“I was approached in the street and asked whether I could play a welder,” he said. “Like many people here, I can’t find work, so I appreciated the chance to earn some money for my family. Later, they painted my arms up to my elbows with red paint. I had no clue what for and only realize now they wanted to show that I am covered in the blood of the women whose babies I was aborting. I would never have agreed to that, even if they had paid more than the $4 I was given. I am a Christian and oppose frivolous approach to abortion, and I think what they made me do was disgusting.”

Another “Borat” participant, Nicu Tudorache, was told that the fist-shaped rubber sex toy filmmakers attached to his amputated arm was a prosthetic.
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NYT Book Review:

They met in 1970 on Thompson’s home turf of Louisville, covering the Kentucky Derby on assignment for the short-lived magazine Scanlan’s. Steadman’s drawings — vicious caricatures of local residents, including Thompson’s brother — shocked the writer with their predatory vigor. Thompson, soon to become famous for a similar bloodthirsty tack in prose, demanded of the artist: “Why must you scribble these filthy ravings and in broad daylight too? … This is Kentucky, not skid row. I love these people. They are my friends and you treated them like scum.” Their first collaboration ended with the journalist spraying Steadman from a can of Mace. “We can do without your kind in Kentucky. Now get your bags and get out, and take your rotten drawings with you!”

Isn’t this how all great buddy movies begin?

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WFMU’s Beware the Blog:

Released on Casablanca, recorded live 1979 at the Roxy in Hollywood with backing band that includes Christopher Guest credited as Nigel Tufnel (three years before Spinal Tap, though well dressed and with short hair), Ming the Merciless, Lars Svenki, Dwight Night and Beanie Barnhill. Tracks flow into each other as it’s a live record

Mp3’s, Here.

Yes Men:

Philadelphia – At a Wharton Business School conference on business in Africa, World Trade Organization representative Hanniford Schmidt announced the creation of a WTO initiative for “full private stewardry of labor” for the parts of Africa that have been hardest hit by the 500 years of Africa’s free trade with the West.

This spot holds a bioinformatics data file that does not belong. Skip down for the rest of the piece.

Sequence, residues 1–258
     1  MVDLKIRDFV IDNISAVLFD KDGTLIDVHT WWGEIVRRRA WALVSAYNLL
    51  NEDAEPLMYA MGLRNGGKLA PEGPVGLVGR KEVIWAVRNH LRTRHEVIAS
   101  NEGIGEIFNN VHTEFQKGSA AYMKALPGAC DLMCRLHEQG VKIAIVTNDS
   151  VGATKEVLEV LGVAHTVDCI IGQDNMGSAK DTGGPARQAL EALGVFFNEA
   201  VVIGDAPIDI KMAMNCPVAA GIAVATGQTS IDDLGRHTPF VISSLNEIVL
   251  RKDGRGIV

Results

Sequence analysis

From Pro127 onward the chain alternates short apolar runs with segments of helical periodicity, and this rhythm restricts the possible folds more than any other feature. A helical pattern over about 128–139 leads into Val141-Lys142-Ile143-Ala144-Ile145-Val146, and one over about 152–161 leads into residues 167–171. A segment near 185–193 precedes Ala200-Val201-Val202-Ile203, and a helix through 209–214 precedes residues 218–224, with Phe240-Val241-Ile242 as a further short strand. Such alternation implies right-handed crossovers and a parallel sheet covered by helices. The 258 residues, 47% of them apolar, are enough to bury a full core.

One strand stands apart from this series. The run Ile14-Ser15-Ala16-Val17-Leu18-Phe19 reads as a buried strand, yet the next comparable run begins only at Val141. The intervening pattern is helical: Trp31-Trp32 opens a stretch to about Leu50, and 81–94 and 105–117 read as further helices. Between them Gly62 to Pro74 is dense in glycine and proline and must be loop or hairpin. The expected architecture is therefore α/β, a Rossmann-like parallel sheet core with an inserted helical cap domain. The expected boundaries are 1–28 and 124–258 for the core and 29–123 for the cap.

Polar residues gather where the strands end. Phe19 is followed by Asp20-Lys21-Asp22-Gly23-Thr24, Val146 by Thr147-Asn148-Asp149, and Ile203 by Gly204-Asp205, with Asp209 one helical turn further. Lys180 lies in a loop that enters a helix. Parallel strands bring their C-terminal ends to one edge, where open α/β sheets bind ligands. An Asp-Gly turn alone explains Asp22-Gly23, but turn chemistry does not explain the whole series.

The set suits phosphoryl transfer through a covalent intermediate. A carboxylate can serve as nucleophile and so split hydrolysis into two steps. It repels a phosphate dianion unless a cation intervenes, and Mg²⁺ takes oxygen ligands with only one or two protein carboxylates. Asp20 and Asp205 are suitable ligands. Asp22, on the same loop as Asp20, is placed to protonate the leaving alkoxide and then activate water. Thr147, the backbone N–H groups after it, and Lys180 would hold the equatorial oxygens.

The initiative will require Western companies doing business in some parts of Africa to own their workers outright. Schmidt recounted how private stewardship has been successfully applied to transport, power, water, traditional knowledge, and even the human genome. The WTO’s “full private stewardry” program will extend these successes to (re)privatize humans themselves.

“Full, untrammelled stewardry is the best available solution to African poverty, and the inevitable result of free-market theory,” Schmidt told more than 150 attendees. Schmidt acknowledged that the stewardry program was similar in many ways to slavery, but explained that just as “compassionate conservatism” has polished the rough edges on labor relations in industrialized countries, full stewardry, or “compassionate slavery,” could be a similar boon to developing ones.

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PDN:

The video begins simply. Title cards set the stage for a story about the Kurds, the ethnic group of northern Iraq who now live in relative peace.

Then all madness breaks loose. Daily life in Kurdistan unfolds as a staccato, stop-motion dance. Cars jam a street, children play, soldiers train, nurses tend to patients – all at a few frames per second, synchronized like a ballet to instrumental music. As the frames flip by, the camera zooms in and out, hovering to line up a well-framed shot, changing brightness and focus.

The 12-minute multimedia presentation is made from thousands of still photos Ed Kashi shot on a National Geographic assignment in Iraqi Kurdistan last year.